They show up like this:

  • The professional opportunity. You know the one. The one that appears out of the blue and scares the pants off you.
  • The uncomfortable conversation you need to have with a colleague or family member. You know the one. The one that means you have to share yourself at a deeper level, and scares the pants off you.
  • The presentation, or speech, or pitch you need to give. You know the one. The one that demands you shake off that insecurity and claim your authority, and scares the pants off you.


Cues. They show up in our lives so we can realize more, give more and receive more. These, and so many others, invite us to stretch beyond our perceived limitations, get comfortable with our vulnerability, and dare to show up with greater presence. Woo hoo! Okay, I know. Kinda woo hoo, because facing fears is not fun! At least not at first. But, it seems to be the curriculum, so why not  learn how to face them? Our cues are our call to action — our invitation to step into greater presence!

Cues can come disguised as a request from a friend that requires us to consider a different perspective or change our behavior, or as an invitation to take a lead role in an event or organization, or as a requirement to add new skills, like communication and presentation skills :-). Sometimes these cues are delivered graciously and with kindness. Sometimes they are not. In either case, it is up to us to catch our cue so we can take our next step.

Recently, several amazing opportunities landed in my lap. For example, a music director invited me to take a high profile role in an upcoming show. An international company approached me about a high level position they’d just created. A new class opened up that, should I take it, would challenge me to bring a higher level of creativity to all my work. The first thing I felt was fear. Not the fear of whether or not I had the ability. No. I was afraid of misreading or ignoring the cues and making a mistake.

These are what I call “friendly” cues. I’ve also experienced other cues that didn’t feel friendly at the time. An audience member didn’t laugh at my off-the-cuff comment about sitting in the back of the room. A client didn’t call me back after several attempts. My jeans are much tighter than they used to be. I don’t know the reasons behind these experiences. (Okay, I do know about the jeans). They are not a comment on my value. It’s certainly not a good idea to take them personally (except, maybe for the jeans . . . ). Still, they are cues, and I would be wise to pay attention to them.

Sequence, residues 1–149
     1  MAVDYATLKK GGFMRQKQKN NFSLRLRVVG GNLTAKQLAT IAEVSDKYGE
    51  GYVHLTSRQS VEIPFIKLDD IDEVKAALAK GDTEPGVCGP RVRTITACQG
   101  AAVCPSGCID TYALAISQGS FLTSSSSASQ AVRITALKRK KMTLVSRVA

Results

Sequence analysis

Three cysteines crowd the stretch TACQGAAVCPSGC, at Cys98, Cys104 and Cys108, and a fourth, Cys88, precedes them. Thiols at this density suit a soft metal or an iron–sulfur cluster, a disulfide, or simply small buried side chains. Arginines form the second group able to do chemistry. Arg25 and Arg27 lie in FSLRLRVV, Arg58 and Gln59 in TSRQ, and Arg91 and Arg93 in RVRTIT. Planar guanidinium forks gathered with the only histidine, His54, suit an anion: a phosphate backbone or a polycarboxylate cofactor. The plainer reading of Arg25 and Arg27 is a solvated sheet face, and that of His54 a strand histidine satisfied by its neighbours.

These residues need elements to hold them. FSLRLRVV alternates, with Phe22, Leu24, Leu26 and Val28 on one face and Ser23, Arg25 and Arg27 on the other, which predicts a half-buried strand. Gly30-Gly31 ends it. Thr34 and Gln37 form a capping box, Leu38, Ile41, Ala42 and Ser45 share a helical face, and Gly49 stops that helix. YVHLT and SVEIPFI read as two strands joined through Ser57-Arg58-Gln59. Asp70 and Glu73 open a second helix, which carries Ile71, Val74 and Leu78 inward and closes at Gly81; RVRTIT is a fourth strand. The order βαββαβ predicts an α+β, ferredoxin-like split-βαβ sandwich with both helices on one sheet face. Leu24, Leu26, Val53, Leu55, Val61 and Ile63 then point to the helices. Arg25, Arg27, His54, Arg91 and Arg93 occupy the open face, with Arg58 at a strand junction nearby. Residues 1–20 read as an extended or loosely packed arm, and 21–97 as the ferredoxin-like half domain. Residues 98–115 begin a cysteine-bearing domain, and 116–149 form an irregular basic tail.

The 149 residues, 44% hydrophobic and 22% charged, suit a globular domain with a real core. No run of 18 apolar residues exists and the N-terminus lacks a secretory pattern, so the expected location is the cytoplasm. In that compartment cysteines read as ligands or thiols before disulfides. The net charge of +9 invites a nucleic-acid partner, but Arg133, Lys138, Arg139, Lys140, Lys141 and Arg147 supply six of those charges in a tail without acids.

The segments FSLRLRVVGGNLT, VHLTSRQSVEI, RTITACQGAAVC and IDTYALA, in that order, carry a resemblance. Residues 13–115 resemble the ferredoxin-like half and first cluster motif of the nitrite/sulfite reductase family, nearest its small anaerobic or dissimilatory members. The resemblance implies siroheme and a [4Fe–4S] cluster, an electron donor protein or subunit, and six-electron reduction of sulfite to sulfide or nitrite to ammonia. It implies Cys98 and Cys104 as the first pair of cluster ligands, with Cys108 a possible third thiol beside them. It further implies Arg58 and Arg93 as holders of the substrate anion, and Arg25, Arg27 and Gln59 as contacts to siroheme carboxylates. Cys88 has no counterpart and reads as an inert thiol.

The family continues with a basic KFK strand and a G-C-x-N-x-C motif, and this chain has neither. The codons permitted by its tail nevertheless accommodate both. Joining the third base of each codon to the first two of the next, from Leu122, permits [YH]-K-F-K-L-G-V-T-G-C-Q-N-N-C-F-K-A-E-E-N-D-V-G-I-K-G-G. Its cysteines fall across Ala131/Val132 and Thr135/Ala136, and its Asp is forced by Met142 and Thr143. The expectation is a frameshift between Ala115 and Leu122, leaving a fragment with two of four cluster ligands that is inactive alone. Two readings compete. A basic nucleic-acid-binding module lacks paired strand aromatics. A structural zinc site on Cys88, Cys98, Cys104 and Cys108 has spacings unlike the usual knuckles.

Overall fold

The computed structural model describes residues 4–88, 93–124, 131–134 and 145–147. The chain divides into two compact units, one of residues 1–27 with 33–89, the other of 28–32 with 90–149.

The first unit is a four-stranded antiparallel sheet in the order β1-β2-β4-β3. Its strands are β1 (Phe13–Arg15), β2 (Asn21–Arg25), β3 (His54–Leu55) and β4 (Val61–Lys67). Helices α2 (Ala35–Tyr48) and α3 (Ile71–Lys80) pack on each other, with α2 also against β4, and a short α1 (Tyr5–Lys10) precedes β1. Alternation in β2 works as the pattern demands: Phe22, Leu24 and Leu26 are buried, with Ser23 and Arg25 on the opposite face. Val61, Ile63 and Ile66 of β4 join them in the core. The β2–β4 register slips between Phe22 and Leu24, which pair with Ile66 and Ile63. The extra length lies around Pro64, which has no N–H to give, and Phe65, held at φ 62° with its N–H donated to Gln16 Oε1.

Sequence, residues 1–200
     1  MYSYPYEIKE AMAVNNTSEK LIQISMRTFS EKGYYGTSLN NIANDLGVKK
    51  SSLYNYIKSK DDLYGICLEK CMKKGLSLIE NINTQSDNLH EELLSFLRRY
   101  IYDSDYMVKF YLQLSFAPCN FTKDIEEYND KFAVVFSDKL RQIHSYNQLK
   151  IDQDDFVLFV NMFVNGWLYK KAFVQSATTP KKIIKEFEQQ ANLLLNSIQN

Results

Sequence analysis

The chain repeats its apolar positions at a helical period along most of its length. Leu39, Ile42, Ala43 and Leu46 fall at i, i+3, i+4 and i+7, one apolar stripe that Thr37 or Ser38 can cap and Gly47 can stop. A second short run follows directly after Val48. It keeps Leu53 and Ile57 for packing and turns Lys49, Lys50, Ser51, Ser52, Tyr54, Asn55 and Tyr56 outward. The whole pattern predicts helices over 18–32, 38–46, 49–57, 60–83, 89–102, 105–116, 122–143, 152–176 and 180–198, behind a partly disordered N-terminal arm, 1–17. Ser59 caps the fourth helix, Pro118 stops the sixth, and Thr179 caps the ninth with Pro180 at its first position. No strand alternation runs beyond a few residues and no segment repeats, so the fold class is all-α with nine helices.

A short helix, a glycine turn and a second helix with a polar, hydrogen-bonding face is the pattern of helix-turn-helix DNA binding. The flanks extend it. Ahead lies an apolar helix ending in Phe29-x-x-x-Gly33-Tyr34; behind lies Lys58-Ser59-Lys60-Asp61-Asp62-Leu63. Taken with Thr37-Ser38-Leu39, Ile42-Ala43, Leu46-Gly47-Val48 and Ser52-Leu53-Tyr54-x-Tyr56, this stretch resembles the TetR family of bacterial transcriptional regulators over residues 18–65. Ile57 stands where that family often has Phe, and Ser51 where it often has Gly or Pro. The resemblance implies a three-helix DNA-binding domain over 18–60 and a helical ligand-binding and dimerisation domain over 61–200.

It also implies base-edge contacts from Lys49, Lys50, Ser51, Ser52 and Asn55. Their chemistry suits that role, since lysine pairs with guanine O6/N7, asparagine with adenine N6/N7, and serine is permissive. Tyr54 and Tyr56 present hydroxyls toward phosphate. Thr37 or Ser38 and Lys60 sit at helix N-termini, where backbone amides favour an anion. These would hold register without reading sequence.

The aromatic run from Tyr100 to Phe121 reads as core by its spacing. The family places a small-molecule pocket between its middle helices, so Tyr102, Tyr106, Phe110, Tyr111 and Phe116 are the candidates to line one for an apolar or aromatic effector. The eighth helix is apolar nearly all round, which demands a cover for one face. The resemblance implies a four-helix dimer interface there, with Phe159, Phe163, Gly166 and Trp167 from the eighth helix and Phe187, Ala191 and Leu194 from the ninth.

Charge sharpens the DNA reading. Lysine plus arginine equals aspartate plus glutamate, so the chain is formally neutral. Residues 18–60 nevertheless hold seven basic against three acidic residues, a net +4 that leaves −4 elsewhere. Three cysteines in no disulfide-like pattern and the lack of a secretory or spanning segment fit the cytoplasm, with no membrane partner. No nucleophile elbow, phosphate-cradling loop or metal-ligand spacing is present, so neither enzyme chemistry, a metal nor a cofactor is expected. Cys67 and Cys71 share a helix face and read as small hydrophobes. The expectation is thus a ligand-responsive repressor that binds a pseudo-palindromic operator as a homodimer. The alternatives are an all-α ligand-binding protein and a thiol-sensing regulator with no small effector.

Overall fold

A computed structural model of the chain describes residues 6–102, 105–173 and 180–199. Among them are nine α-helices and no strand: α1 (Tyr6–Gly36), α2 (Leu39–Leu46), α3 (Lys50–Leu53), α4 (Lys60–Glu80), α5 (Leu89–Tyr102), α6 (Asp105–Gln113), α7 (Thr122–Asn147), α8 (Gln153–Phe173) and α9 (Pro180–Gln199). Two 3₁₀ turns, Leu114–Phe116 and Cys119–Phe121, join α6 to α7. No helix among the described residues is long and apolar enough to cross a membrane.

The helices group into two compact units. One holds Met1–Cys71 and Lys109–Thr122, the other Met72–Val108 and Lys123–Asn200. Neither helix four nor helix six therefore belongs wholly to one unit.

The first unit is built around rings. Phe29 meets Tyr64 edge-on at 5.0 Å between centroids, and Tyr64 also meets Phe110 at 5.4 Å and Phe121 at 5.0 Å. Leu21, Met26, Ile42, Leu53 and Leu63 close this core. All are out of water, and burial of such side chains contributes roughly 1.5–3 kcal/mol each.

Here are three keys to catching your cue, so you can step into greater presence on stage and in life!

  1. Get off autopilot and be present. Listen to what others are telling you, or asking of you. Observe the responses you’re getting when you speak or act. When you’re presenting, tune in to your audience. Observe their body language. Look for evidence of engagement. And, tune in to your intuition. Listen to that quiet impulse, that still small voice.
  2. If you’re not sure whether this is a cue, ask clarifying questions. Ask the tough questions, if need be. Be open to the responses. Be willing to be mistaken. Know that none of us ever has all the information, and that everyone has their own truth. When you’re presenting, if there’s a question, or a challenge arises, ask the audience what they are experiencing and what they need. That’s not always possible, but if you’re in a workshop setting, it certainly is. Ask your meeting planner what he or she needs. Be genuine, open and sincere. 
  3. Be willing to entertain change. Catching your next cue could mean shaking things up. Be willing to shift your perspective, learn something new, or change your approach. As a coach, one of the things I hear from time to time, especially from people who’ve been in their profession for awhile, is, “I’m too old to change, or “that’s the way I am and how I do it.” Okay, that’s their choice and I respect it. And, with that choice, they could be missing their cues to fresh opportunities that would greatly benefit them and their audiences.

Then there’s the fear. I think it’s helpful to recognize that fear is part of the curriculum. We can’t “make” it go away. We can make friends with it and allow ourselves to move through it. We can catch our cue, make the choice to face our fears, and move into greater presence on stage and in life. Woo hoo!

I would love to support you. You can reach me at

Image source: Photo courtesy of Flickr user Startup Weekend Leuven